I've been cleaning out my closets today, a job I've successfully put off in one way or another for years. I know this because I found skirts the waist size of which would now fit my arm. And as I mourned my twenty-five year old figure, I also took a moment amid sequin dresses I'd worn to black tie events to fondly remember some good times and days in which anything I dreamed seemed and indeed was possible. I forged ahead, making a pile to give away, but safely tucking a few dresses that I just couldn't part with back in the closet, maybe because I needed to hang on to some kind of tangible proof that these days in my life did in fact exist.
As I hauled away my past, a little misty-eyed, I found something I hadn't seen before, at least in my closets - space. Space for a future, for new things, new possibilities that would fit me now. It was a little unsettling, this void where once was crammed years of stuff. But now I've got breathing room. And that's not a bad thing.
Along with my clean closets, this weekend was about celebrating my father's birthday. He turned 82. So as a surprise I took him to see Craig Ferguson at Carnegie Hall. Now, my father (and I) love Craig Ferguson, and even though I've got my DVR set to record him every night, my father still finds it imperative to stay awake until 1:30 in the morning watching him.
So there we sat in arguably the most prestigious concert hall in the world, and out of the mouth of my favorite Scottish comedian came pearls to live by. As Craig imparted his hard earned wisdom from three marriages (with no aid from hand puppets), I realized that this would be a different world if people actually stopped and asked themselves these three questions:
Does this need to be said?
Does this need to be said by me?
Does this need to be said by me now?
Yes, thanks to Craigy Ferg (his twitter name, I think) there could be a different landscape - politically, socially, morally, you name it, if we were just to ask ourselves these three questions. And you can bet I'll be doing that before spewing forth any dribble in future blogs, too.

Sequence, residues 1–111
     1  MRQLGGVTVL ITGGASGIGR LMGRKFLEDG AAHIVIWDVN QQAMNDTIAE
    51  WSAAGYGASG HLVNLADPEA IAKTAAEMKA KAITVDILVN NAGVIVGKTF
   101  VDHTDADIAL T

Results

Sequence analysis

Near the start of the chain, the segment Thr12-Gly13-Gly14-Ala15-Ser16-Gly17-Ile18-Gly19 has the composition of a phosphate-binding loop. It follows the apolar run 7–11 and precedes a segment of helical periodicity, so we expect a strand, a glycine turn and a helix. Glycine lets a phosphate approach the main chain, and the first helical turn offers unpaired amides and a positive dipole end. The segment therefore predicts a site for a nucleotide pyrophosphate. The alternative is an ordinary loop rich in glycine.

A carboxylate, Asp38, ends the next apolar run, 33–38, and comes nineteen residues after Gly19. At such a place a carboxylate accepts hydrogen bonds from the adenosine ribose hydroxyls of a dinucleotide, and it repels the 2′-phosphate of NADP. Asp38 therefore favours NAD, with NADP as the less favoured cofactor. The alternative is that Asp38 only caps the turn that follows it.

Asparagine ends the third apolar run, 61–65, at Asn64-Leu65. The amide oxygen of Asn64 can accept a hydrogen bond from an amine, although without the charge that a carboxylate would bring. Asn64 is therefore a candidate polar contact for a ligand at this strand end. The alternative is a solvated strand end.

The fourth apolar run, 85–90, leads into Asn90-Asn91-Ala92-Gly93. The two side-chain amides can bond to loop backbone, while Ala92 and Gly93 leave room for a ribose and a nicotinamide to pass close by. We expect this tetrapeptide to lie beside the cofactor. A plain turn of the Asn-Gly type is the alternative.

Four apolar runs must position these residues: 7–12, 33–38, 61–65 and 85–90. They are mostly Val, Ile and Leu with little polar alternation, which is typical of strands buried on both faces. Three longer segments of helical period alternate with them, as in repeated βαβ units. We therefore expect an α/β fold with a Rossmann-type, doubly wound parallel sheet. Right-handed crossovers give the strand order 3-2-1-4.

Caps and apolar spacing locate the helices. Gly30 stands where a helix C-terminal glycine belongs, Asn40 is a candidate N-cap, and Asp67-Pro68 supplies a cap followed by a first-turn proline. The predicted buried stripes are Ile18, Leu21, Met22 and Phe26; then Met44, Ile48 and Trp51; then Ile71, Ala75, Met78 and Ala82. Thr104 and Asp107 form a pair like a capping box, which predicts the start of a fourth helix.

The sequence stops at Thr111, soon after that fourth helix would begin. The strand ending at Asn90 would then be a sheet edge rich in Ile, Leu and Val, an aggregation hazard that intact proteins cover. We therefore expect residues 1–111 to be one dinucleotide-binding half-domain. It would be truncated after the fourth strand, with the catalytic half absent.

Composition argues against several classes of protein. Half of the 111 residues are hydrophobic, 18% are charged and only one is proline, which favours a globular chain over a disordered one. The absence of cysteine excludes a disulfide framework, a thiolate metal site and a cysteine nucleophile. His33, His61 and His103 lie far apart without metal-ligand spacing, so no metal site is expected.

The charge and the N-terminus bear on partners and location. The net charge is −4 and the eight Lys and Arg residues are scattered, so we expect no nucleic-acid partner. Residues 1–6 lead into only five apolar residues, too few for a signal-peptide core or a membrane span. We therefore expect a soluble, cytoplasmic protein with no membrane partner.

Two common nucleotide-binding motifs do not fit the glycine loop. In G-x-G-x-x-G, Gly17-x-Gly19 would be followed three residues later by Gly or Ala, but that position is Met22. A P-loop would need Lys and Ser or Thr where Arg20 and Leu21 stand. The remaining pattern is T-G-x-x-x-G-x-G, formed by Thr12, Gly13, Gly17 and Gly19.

So that brings me to Bill Maher's show on Friday night. Bill had George Clooney, Rob Reiner, Jake Tapper, and Nicolle Wallace on. And yes, boys and girls, Ilene did her happy dance. First of all, I just want to put it out there in case Rob Reiner happens to read this. Rob, I really want to attend one of your soirees. I long for stimulating political repartee and I promise I won't steal the silverware, so please, will you invite me?
Now that groveling is out of the way, let's get to The Clooney, as I affectionately like to call him. I love that all his energies are used for doing something good with his celebrity. I love that it's always about something bigger than him, and people who would never garner the attention they need were it not for him bringing a camera crew into hellish parts of the world. I love that he's a star in the sense that truly matters.
And Jake Tapper, who, in my opinion, was robbed of the job of hosting This Week. Love him. Smart, funny, and likable are very appealing to me.
Levi Johnston was also a guest, but I really think he is in so far over his head that I have to take pity on the poor boy and save my barbs for someone with the intellectual capacity to defend himself.
So I'm off to clean out some other closets. It's time to make room for a new day.
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